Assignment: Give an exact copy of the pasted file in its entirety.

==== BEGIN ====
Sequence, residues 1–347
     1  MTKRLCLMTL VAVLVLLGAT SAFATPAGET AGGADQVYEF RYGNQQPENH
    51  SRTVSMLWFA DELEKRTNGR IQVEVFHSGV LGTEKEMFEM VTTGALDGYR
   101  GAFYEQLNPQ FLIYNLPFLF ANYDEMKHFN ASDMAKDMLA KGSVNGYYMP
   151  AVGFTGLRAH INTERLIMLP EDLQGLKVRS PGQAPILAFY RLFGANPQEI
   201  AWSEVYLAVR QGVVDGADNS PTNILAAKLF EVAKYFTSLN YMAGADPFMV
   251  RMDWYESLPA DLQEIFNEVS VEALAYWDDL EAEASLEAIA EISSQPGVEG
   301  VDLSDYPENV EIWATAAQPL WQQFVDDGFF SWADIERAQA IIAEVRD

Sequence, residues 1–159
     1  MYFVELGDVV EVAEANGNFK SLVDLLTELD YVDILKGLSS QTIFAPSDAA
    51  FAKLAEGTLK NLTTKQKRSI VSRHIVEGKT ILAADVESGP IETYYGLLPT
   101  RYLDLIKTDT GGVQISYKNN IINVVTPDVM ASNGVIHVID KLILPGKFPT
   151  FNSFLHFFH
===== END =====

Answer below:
Sequence, residues 1–347
     1  MTKRLCLMTL VAVLVLLGAT SAFATPAGET AGGADQVYEF RYGNQQPENH
    51  SRTVSMLWFA DELEKRTNGR IQVEVFHSGV LGTEKEMFEM VTTGALDGYR
   101  GAFYEQLNPQ FLIYNLPFLF ANYDEMKHFN ASDMAKDMLA KGSVNGYYMP
   151  AVGFTGLRAH INTERLIMLP EDLQGLKVRS PGQAPILAFY RLFGANPQEI
   201  AWSEVYLAVR QGVVDGADNS PTNILAAKLF EVAKYFTSLN YMAGADPFMV
   251  RMDWYESLPA DLQEIFNEVS VEALAYWDDL EAEASLEAIA EISSQPGVEG
   301  VDLSDYPENV EIWATAAQPL WQQFVDDGFF SWADIERAQA IIAEVRD

Sequence, residues 1–159
     1  MYFVELGDVV EVAEANGNFK SLVDLLTELD YVDILKGLSS QTIFAPSDAA
    51  FAKLAEGTLK NLTTKQKRSI VSRHIVEGKT ILAADVESGP IETYYGLLPT
   101  RYLDLIKTDT GGVQISYKNN IINVVTPDVM ASNGVIHVID KLILPGKFPT
   151  FNSFLHFFH